By generating an emotional rather than rational response it will make it easier for consumers to identify, recall and, most importantly drive brand loyalty.

Yes, argues Nina Aggarwal, co-founder of Fusion Learning, a global brand-building consultancy:

This week Ribena has taken centre stage, as Tesco announced it will no longer sell the cartons, aimed at children, in its stores, due to its high sugar content. This news has thrown the spotlight on to brands and kick-started the debate as to whether sugary brands are the real enemy in the war on sugar.

Personally, I think it’s hypocritical that Tesco feels it has the right to take the moral high ground on banning certain drink brands, when it is more than happy to stock and sell all types of sugary foods, from chocolate bars to sugar laden cereals, all aimed at children.

However, there is definitely a level of accountability to be laid at the brand’s front door and they do have a responsibility to respond appropriately, yet still be able to maintain their core brand message and product line.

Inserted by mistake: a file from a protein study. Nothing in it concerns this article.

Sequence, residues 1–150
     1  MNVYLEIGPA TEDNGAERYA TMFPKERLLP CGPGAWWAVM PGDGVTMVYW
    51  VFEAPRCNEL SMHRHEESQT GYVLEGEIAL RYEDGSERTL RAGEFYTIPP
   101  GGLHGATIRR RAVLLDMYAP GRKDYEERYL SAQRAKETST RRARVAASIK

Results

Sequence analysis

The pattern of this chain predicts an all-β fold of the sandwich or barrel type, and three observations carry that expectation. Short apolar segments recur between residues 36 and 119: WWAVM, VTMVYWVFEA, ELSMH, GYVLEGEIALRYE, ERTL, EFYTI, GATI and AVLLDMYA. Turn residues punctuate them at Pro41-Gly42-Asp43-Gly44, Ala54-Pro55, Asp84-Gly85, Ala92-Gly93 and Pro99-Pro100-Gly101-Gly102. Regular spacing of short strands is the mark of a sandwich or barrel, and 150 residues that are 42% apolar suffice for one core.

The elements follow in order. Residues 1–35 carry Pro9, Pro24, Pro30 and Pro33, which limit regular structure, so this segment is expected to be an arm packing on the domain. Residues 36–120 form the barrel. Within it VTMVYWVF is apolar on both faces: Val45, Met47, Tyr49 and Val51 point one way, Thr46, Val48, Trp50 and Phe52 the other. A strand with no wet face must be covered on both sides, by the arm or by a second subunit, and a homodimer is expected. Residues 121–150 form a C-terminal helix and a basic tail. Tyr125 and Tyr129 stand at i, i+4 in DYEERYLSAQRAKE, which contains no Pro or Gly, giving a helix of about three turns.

In the face of adversity, drinks and confectionary brands have a great opportunity to use their weight and power to educate their audience and support and encourage healthy living to its consumers.

On the flip side of this, one could argue that brands also have a responsibility to first and foremost serve the customers’ demands and offer them a choice that’s right for them.

Treating oneself from time to time is no bad thing if it’s part of a healthy way of life and brands can highlight this as a way of showing their consumers that they have listened and understood their concerns.